Tough Talks Book Series

Discussing a very personal issue

A reader of Tough Talks® in Tough Times: What Bosses Need to Know to Deliver Bad News, Motivate Employees & Stay Sane approached me recently and asked if she could get my communication advice on a very personal issue. Cara (not her real name) needed to have a conversation about the delicate subject of incontinence with her mother-in-law. At an upcoming family event, Cara was worried that her mother-in-law would have an accident, making it embarrassing for everyone. “We have to talk about it,” said the 50 year old professional woman, “but we don’t know how to discuss this particular subject.”

“My husband and I are concerned that she won’t visit the restroom often enough,” she explained. “How do we handle this difficult conversation? What should we say?”

Difficult conversations become overwhelming when a person doesn’t have a plan. The topic or circumstances may vary, but the feelings of embarrassment, hurt, shame, sadness, etc., are bound to occur at some level in every unpleasant discussion. Understanding the elements involved in tough talks™ and practicing what to say ahead of time can mitigate them.

I advised her of the following:

    • Make her difficult discussion a one-on-one conversation. Mom may feel ganged up on if both Cara and her husband talked about this sensitive issue.
    • Think about the positive feelings that her mother-in-law can have if all goes well. Turn negative consequences around by focusing on good outcomes.
    • Make her mother-in-law a part of the solution.

Here are the words I suggested she use:

    • “Mom, I want to make sure you have a wonderful time at this family event. What can I do to help you?”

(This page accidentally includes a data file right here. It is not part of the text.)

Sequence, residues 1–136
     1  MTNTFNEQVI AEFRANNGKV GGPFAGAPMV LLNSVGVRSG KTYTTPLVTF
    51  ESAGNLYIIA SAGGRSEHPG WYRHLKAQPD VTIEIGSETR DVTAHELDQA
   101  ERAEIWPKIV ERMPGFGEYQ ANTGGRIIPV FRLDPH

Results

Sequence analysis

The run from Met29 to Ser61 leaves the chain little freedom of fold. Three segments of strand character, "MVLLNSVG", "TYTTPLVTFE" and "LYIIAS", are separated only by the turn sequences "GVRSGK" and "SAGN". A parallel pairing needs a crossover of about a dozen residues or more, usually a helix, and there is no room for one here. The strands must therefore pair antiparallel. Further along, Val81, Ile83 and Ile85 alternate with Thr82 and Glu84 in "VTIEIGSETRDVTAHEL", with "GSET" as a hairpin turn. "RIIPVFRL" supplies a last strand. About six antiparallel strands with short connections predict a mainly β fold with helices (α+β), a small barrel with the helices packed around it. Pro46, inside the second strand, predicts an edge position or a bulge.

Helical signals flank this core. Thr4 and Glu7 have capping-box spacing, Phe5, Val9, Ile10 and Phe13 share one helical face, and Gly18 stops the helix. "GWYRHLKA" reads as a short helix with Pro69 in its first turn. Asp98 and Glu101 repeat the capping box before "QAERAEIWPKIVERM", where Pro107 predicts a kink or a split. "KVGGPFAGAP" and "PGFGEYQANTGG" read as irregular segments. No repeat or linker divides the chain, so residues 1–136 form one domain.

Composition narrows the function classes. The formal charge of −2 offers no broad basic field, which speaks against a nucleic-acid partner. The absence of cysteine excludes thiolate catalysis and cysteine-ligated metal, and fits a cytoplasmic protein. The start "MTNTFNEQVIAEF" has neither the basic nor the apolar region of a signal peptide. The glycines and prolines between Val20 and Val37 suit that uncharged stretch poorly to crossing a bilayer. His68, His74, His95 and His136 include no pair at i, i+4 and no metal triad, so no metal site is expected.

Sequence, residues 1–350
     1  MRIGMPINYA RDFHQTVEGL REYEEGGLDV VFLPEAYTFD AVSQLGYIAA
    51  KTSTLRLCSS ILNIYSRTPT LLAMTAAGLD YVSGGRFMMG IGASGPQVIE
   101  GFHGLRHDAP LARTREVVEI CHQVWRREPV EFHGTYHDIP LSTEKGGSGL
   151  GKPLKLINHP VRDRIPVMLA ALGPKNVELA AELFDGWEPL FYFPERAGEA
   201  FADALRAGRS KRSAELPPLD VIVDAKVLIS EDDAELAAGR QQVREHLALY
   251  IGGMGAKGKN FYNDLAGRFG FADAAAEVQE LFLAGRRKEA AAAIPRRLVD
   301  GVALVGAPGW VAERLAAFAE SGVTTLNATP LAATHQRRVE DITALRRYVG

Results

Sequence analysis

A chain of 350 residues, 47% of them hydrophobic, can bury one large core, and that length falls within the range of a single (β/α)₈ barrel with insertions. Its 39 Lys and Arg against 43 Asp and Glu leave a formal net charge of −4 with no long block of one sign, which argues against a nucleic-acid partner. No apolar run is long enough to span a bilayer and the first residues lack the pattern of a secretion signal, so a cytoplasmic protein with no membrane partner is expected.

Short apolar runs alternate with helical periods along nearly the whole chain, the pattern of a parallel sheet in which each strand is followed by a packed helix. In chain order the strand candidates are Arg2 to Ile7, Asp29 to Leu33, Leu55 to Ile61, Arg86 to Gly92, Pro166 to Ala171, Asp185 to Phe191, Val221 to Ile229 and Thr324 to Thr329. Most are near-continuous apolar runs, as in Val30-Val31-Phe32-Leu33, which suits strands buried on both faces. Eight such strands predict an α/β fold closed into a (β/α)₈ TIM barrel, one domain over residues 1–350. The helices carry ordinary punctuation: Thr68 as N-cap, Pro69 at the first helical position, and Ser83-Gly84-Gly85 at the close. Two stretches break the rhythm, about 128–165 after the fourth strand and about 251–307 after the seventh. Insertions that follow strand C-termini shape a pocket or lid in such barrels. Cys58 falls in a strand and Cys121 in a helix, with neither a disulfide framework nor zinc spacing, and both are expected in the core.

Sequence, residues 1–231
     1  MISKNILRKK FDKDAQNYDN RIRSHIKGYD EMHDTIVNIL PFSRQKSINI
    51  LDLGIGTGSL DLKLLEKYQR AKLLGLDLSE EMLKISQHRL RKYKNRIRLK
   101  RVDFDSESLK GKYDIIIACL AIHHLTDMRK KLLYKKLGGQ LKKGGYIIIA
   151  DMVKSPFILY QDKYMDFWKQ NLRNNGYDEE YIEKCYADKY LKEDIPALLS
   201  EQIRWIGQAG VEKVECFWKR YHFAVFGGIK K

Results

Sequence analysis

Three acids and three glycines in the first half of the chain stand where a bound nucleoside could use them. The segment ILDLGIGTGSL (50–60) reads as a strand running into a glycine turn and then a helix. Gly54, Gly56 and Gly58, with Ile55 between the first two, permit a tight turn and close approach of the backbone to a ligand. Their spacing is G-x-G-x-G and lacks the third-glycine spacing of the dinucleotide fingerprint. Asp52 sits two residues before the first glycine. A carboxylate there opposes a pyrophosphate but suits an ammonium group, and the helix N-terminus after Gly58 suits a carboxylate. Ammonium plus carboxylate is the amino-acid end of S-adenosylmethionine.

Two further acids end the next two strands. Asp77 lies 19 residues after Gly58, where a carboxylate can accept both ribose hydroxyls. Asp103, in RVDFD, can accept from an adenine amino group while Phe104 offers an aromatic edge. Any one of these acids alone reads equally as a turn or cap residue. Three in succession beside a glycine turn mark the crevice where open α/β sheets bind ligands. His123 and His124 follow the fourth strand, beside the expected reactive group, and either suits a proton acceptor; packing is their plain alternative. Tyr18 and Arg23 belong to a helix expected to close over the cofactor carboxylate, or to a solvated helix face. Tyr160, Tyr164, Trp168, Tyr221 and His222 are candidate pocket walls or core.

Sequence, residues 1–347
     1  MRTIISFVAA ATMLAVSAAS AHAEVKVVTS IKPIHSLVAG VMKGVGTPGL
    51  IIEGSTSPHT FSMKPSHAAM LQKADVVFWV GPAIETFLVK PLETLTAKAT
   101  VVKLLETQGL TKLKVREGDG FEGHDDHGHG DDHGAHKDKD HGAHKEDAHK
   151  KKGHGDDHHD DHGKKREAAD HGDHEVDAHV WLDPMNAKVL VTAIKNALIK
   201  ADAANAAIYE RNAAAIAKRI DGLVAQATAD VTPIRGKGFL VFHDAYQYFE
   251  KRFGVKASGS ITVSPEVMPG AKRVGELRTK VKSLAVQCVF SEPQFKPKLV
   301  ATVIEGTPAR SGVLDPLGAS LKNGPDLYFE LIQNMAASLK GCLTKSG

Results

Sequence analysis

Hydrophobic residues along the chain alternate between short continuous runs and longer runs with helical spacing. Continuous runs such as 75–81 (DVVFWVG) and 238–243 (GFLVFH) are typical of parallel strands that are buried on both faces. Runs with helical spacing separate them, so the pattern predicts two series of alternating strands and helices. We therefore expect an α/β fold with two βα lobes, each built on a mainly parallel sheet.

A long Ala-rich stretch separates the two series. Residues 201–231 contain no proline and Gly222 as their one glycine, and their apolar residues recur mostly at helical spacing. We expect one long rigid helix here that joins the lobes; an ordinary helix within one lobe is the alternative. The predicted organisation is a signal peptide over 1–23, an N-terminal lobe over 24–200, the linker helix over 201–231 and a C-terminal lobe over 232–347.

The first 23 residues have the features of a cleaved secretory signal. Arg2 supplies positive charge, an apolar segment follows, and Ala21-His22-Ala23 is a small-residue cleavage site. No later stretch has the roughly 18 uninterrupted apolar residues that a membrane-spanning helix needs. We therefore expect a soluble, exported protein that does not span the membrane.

• “I have to use the restroom quite frequently myself these days. Is that a problem for you, too?”
    • “Would you like me to carry extra supplies of personal hygiene products in my purse?”
    • “How about if we both use the bathroom together throughout the event?”

Cara told me the event was a success.  Her mother-in-law appreciated her kind words and help. (No need for her son to be involved in this “ladies only” crucial conversation.)

“She wanted to take a small handbag, so I carried extra supplies in my purse. We visited the restroom every half hour. No accidents at all. It was a great day.”

By facing the tough talk™ with the other person in mind, thinking through the words to say, and keeping the conversation to “just the girls,” Cara made this difficult discussion a win-win for all.

For an in depth look at the 5 step CHECK® system for handling difficult topics, order Tough Talks® in Tough Times: What Bosses Need to Know to Deliver Bad News, Motivate Employees & Stay Sane.  The CHECK® system works at work and at home.

Let me know how I can help you with your difficult discussion. Send your tough talks™ questions to me at Or you can post your comments on this blog.

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